Modelling pregestational diabetes-induced congenital heart disease

Using an advanced human heart organoid system, researchers found the contributing factors to the condition and possible therapeutic compounds.

Human heart

Researchers from the Michigan State University have created an advanced human heart organoid system that models the characteristics of pregestational diabetes-induced congenital heart disease found in mice and humans. The results demonstrated that endoplasmic reticulum (ER) stress and lipid imbalance are essential factors contributing to this disorder, which could be helped with omega-3 exposure.

The most common type of congenital defect in humans is congenital heart disease. Pregestational diabetes, which affects the mother before and during the first trimester, is a significant contributor to congenital heart disease, and presents in a growing population of diabetic female patients of reproductive age. Newborns from mothers with the pregestational diabetes can have a 12-fold increased risk of congenital heart disease, but the condition is difficult to manage clinically because of the sensitivity of the embryo to glucose oscillations.

Previous epidemiological studies have identified pregestational diabetes as a risk factor for other congenital anomalies, like anomalies of the central nervous system (CNS), digestive system, genitourinary system and musculoskeletal system.1

Physiologically relevant studies

Overreliance on animal models is due to the limited access to human tissue for research of the early-stage disease. However, the extent to which rodent models accurately represent abnormalities present in humans is unknown because of the species’ difference in heart size, cardiac physiology, electrophysiology and bioenergetics. Furthermore, rodent models and many in vitro cell models rely on aggressive diabetic conditions, resulting in exaggerated features that may not be clinically relevant.

Senior author of the study Dr Aitor Aguirre of Michigan State University stated: “The new stem cell-based organoid technology employed will enable physiologically relevant studies in humans, allowing us to bypass animal models and obtain more information about relevant disease mechanisms, accelerating drug discovery and medical translation.”

In the study, Dr Aguirre and his colleagues used an advanced heart organoid model which represents human heart development during the first trimester. Derived from human pluripotent stem cells (hPSCs), the model included chamber formation, vascularisation, cardiac tissue organisation and relevant cardiac cell types. The team altered the culture conditions to accurately reflect reported physiological levels of glucose and insulin in patients.


The pregestational diabetes heart organoids (PGDHOs) developed features noted in previous mouse and human studies. The diabetic human heart organoids were larger, indicating cardiac hypertrophy which is the first hallmark of maternal pregestational diabetes. This was confirmed by studying cardiomyocyte size. Also, neonatal rats from diabetic mothers display arrhythmias and a reduction in beat frequency, which was also seen in the PGDHOs.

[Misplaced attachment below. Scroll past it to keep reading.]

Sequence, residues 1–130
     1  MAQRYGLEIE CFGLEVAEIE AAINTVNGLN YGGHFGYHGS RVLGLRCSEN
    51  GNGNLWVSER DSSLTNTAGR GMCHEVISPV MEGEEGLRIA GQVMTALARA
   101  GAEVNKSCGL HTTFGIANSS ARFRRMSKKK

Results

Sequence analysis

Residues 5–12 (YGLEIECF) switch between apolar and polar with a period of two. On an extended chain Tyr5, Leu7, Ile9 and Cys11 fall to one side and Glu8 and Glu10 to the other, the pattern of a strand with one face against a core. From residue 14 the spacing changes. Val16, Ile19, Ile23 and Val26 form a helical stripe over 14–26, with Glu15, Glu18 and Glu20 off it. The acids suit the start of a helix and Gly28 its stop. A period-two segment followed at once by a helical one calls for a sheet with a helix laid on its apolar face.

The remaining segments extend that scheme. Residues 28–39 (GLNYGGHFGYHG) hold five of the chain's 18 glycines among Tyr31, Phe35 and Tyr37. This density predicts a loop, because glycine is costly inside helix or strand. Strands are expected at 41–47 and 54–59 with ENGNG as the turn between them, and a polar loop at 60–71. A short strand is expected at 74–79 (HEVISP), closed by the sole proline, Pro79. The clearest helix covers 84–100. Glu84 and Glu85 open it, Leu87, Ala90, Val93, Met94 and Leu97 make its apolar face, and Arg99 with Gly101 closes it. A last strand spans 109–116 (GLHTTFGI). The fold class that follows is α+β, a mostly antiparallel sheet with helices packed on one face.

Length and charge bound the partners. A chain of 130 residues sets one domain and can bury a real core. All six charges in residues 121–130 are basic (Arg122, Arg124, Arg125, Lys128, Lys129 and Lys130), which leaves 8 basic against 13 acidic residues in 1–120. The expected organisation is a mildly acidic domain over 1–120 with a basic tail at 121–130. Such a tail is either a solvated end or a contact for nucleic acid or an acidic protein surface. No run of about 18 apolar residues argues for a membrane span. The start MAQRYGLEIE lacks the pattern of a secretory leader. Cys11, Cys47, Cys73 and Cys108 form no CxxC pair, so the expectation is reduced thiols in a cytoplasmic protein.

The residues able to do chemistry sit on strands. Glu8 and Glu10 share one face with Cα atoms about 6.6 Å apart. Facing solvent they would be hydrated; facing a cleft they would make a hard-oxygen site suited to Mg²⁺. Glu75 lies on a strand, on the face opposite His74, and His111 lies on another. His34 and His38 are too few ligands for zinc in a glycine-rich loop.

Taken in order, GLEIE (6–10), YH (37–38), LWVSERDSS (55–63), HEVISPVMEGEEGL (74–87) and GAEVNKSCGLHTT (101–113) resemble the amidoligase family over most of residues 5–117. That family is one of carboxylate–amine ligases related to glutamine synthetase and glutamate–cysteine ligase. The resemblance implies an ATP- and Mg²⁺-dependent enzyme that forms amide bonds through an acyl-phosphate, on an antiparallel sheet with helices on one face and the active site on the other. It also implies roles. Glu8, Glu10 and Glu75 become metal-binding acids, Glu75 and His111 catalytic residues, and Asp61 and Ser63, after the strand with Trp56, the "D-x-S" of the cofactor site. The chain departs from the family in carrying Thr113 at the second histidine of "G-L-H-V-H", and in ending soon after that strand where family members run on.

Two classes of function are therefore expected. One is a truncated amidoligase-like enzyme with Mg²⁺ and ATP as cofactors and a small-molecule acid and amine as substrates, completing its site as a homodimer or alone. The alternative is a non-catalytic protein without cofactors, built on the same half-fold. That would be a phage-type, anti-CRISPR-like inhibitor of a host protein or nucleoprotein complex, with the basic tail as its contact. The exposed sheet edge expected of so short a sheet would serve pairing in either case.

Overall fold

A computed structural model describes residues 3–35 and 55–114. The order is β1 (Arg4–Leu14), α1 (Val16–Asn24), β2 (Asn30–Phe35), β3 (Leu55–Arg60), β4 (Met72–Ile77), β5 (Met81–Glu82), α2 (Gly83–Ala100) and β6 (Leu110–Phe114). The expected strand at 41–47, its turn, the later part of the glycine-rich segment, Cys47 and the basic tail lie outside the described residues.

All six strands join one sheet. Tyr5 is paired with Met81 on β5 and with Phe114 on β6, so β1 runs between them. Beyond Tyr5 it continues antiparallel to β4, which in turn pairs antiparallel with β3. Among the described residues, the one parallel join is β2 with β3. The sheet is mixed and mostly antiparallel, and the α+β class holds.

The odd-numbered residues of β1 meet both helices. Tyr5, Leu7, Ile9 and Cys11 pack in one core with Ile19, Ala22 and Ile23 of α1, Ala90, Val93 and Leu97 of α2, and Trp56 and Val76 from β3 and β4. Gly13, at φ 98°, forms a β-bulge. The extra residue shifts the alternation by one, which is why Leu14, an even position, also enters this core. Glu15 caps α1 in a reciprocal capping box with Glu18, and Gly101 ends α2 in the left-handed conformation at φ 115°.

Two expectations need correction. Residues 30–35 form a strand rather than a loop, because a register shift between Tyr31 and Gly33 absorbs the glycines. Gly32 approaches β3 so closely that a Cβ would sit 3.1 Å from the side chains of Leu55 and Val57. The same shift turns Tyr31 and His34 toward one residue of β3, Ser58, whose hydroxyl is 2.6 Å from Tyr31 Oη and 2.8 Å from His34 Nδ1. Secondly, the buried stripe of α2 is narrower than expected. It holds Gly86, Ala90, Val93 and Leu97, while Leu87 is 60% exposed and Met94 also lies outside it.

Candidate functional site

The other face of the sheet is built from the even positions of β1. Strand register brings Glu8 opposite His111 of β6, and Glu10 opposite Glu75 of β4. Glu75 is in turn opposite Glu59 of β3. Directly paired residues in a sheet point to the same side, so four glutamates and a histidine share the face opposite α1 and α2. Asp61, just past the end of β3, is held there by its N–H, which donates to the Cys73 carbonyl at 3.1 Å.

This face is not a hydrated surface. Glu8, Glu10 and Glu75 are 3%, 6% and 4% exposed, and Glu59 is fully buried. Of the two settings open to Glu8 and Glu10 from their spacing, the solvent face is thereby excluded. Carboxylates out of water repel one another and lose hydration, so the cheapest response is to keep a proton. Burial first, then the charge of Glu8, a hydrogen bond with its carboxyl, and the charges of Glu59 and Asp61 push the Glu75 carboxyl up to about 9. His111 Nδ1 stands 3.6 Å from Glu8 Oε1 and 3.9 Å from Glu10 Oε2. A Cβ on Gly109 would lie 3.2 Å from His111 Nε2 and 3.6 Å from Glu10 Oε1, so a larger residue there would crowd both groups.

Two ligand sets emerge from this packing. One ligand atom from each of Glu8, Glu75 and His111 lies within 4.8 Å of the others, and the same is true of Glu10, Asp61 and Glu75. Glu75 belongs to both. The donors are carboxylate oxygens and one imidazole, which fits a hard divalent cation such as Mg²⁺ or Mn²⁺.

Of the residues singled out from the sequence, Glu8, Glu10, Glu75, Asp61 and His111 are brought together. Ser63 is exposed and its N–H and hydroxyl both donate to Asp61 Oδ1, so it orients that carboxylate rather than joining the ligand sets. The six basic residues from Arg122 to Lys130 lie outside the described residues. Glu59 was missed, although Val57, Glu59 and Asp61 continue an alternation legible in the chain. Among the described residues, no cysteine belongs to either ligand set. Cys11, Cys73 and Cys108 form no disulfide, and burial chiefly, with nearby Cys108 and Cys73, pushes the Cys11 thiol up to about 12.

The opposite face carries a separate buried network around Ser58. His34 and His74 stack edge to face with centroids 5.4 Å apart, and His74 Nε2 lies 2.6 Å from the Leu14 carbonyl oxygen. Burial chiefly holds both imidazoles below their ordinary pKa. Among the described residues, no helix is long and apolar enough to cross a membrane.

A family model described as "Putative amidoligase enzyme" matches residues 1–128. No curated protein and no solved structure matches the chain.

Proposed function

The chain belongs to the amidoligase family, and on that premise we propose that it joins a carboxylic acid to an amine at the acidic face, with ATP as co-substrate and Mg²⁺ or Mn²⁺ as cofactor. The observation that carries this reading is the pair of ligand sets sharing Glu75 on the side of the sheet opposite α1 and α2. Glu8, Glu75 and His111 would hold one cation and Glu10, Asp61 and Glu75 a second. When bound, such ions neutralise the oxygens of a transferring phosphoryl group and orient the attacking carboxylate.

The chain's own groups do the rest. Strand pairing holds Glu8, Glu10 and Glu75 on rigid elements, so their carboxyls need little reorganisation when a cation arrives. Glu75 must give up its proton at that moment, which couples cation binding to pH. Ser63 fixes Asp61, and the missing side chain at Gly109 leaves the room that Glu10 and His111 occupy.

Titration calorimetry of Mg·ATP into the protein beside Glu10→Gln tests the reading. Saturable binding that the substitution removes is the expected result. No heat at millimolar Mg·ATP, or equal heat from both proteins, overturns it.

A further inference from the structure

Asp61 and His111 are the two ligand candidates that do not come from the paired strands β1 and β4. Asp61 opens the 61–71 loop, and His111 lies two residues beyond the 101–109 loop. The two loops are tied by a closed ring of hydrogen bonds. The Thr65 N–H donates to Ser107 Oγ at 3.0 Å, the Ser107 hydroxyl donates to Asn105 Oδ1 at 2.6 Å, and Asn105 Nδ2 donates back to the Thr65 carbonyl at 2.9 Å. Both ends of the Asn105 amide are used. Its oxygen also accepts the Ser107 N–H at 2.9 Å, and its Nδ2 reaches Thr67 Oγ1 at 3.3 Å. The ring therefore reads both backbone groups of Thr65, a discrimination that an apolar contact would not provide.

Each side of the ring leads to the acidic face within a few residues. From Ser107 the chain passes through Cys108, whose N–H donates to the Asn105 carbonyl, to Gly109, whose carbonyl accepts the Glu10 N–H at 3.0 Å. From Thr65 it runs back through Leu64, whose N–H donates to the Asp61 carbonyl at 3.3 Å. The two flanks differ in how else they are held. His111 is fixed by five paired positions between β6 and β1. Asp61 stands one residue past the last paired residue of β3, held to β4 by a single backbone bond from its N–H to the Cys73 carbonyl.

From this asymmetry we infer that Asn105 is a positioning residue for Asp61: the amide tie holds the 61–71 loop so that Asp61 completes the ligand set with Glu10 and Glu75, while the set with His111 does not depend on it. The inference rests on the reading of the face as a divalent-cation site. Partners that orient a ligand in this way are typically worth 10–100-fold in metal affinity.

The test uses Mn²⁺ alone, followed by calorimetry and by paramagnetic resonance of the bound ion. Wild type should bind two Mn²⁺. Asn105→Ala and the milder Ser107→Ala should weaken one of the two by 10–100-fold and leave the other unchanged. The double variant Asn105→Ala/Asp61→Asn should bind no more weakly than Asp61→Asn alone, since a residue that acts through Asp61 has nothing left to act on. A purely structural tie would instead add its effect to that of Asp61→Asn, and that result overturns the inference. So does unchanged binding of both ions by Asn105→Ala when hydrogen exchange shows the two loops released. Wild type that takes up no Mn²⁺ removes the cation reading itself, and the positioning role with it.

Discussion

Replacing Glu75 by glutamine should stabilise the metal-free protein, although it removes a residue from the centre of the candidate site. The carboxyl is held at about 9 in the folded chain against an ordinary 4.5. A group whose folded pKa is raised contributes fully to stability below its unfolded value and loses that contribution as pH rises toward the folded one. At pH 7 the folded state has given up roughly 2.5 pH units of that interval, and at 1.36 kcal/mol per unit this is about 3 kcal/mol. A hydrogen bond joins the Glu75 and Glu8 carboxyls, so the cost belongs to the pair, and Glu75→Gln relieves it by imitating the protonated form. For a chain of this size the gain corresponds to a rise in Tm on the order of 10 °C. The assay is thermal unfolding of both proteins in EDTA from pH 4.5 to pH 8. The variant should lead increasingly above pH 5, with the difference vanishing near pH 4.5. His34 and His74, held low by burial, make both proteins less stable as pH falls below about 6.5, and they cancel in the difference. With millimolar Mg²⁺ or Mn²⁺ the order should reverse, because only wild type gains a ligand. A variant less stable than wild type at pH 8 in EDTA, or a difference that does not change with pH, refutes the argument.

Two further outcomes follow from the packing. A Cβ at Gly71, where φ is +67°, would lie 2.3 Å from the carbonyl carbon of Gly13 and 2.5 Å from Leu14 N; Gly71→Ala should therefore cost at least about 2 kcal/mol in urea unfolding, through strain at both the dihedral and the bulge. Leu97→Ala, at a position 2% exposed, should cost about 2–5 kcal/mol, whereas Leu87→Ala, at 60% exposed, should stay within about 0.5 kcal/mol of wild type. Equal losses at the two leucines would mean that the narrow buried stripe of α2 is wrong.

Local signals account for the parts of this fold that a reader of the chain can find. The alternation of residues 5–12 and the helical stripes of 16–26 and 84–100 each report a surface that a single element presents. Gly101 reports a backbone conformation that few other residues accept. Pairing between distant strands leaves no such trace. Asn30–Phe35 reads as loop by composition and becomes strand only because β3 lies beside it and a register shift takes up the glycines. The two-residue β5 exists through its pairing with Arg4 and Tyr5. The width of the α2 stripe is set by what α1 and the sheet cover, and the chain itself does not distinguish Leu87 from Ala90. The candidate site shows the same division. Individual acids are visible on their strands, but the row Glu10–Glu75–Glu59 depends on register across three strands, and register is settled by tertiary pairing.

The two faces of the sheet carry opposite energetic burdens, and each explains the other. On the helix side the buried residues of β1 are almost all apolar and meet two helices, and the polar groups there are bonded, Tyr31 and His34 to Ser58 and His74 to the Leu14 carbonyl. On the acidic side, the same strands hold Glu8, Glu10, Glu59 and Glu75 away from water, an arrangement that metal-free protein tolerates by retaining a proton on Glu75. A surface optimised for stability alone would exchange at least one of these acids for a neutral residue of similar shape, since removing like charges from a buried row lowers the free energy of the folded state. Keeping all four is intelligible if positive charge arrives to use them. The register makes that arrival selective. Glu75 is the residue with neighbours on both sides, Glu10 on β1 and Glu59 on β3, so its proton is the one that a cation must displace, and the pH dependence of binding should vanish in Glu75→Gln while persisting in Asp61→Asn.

Single-cell transcriptomic analysis of PGDHOs showed a reduction in cardiomyocyte numbers, a substantial expansion of tissue on the outer surface of the heart, and the absence of a well-developed vasculature at early developmental stages.

Furthermore, the PGDHOs displayed increased accumulation of reactive oxygen species (ROS), showing increased oxidative stress and mitochondrial swelling, which are features of diabetic embryonic heart conditions. A notable portion of ROS was localised to the ER, meaning its function could be impaired and result in ER stress.

When ER stress chronically persists at high levels, an unfolded protein response (UPR) programme ensures cells self-destruct. As well as in diabetes, chronic ER stress and UPR signalling defects are emerging as key contributors to human diseases like neurodegeneration and cancer.2

Furthermore, the PGDHOs revealed an imbalance in very long chain fatty acids, especially affecting omega-3 polyunsaturated fatty acids, which are mostly synthesised in the ER. These findings indicate a large ER-induced lipid imbalance in PGDHOs. This imbalance is linked to the degradation of a lipid biosynthesis enzyme present in the ER named fatty acid desaturase 2 (FADS2), by the IRE1-dependent mRNA decay (RIDD) pathway. This pathway is implicated in multiple other cardiac conditions.

The researchers, to remedy the effects of ER stress, tested several potentially therapeutic compounds on PGDHOs. A mixture of omega-3 fatty acids ameliorated diabetic features, while targeting inositol-requiring enzyme 1 (IRE1) reduced cardiomyocyte hypertrophy. All the compounds restored FADS2 levels.

Dr Aguirre cautioned: “The organoids still lack some features that could be important, such as external vascularisation and outflow tract, and better chamber formation, so we might still be missing important aspects of congenital heart disease and diabetic cardiomyopathy.”

He concluded: “On one hand, we want to partner with clinicians to establish the efficacy and safety of our findings in pregnant women. On the other hand, we want to apply our organoid model to other conditions affecting congenital heart disease so we can improve the lives of these children in the future.”

This study was published in Stem Cell Reports.


1 Bao W, Du Y, Liu B, et al. Association of Maternal Prepregnancy Diabetes and Gestational Diabetes Mellitus With Congenital Anomalies of the Newborn. Diabetes Care. [Internet] 2020 October 21 [2024 February 9];43(12):2983-90. Available from:

2 Oakes SA, Papa FR. The Role of Endoplasmic Reticulum Stress in Human Pathology. Annual Review of Pathology: Mechanisms of Disease. [Internet] 2014 October 27 [2024 February 9];10:173-94. Available from: